Sri Lanka is seeking WIPO intellectual property protection for its centuries-old folk medicine system, to help promote wellness and medical tourism development.
Sri Lanka’s indigenous medical practice is centuries old and co-exists with the country’s Ayurveda practice.
For the last five years, the government has been working towards the goal of protection with Geneva based World Intellectual Property Organisation (WIPO).
The difficulty is whether or not folk tradition similar to what other countries offer, can be given genuine protection that international courts will agree with.
WIPO is a global forum for intellectual property services, policy, information and cooperation. It is a self-funding agency of the United Nations.
In recent years, indigenous peoples, local communities, and governments, mainly in developing countries, have sought protection for traditional knowledge systems.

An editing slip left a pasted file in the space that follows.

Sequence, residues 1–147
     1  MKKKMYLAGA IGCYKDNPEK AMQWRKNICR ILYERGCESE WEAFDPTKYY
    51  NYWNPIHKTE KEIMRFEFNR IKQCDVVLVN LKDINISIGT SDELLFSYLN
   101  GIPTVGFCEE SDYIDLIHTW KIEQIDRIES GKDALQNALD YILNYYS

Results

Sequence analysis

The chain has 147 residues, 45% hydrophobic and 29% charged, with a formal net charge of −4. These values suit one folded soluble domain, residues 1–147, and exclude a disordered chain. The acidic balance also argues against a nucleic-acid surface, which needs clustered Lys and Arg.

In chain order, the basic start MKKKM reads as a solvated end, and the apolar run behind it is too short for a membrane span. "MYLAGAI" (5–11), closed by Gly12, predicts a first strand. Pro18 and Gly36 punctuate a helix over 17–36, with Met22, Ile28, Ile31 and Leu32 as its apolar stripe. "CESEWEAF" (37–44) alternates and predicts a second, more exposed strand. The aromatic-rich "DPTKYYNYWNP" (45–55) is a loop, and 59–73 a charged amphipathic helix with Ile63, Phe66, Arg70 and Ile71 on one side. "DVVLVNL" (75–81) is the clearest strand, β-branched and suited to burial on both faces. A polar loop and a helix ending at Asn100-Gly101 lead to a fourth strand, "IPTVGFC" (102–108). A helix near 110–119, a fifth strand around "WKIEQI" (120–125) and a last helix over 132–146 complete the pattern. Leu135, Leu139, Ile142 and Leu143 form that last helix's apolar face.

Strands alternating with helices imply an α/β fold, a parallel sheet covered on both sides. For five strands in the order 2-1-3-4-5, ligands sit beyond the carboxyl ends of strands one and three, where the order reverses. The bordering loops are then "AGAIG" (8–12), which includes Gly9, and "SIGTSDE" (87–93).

Even WIPO admits that until global law changes, the existing international intellectual property system does not fully protect traditional knowledge and traditional cultural expressions. Many communities and governments have subsequently called for an international legal instrument. An international legal instrument would define what is meant by traditional knowledge and traditional cultural expressions, who the rights holders would be, how competing claims by communities would be resolved, and what rights and exceptions ought to apply.
Working out the details is complex and there are divergent views on the best ways forward, including whether intellectual property-type rights are appropriate for protecting traditional forms of innovation and creativity.
Sri Lanka is trying to amend the Intellectual Property Act on Geographic Indicators (GI), but this would have no global legal impact.